According to a recent study, one of the top three New Year’s resolutions for 2014 is to exercise more. Many of the benefits of regular exercise are well-known. Research has repeatedly shown that regular physical activity lowers blood pressure, enhances mood, helps achieve and maintain weight loss, and reduces the risk of many diseases. Naturally, many conscientious adults recognize these benefits and seek to take advantage of the natural momentum that is built into the start of a new year when beginning a fitness regimen.
If you are among the many folks who have made a fitness-oriented resolution this year (or you already exercise regularly) I commend you on this decision. In addition to reaping the traditional benefits of exercise, recent research indicates that you are taking a big step toward making positive changes in many areas or your life.
In his book, “The Power of Habit,” author Charles Duhigg cites studies from the past decade that show a wide range of non-traditional benefits of working out: “When people start habitually exercising, even as infrequently as once a week, they start changing other, unrelated patterns in their lives, often unknowingly. Typically, people who exercise start eating better and becoming more productive at work. They smoke less and show more patience with colleagues and family. They use their credit cards less frequently and say they feel less stressed. It’s not completely clear why. But for many people, exercise is a keystone habit that triggers widespread change.”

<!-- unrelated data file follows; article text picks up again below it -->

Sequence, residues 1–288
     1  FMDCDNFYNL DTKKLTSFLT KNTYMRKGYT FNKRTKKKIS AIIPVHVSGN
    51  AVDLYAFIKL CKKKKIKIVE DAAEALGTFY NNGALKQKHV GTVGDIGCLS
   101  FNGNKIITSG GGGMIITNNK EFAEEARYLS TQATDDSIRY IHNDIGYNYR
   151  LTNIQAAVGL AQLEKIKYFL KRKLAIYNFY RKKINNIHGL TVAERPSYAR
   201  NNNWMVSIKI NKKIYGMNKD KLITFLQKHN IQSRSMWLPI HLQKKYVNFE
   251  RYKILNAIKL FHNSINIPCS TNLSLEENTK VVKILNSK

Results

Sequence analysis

Clearly, even minimal exercise provides benefits far beyond looking trim or dropping a few pounds. And with literally hundreds of ways to exercise and millions of workouts available for free online (a Google Video search for “workouts” resulted in 72,900,000 results) it has never been easier to get started on the keystone habit of exercise.
P.S. If you are wondering if you need to check with a physician before beginning an exercise program, check out these guidelines from the American College of Sports Medicine (ACSM) here.
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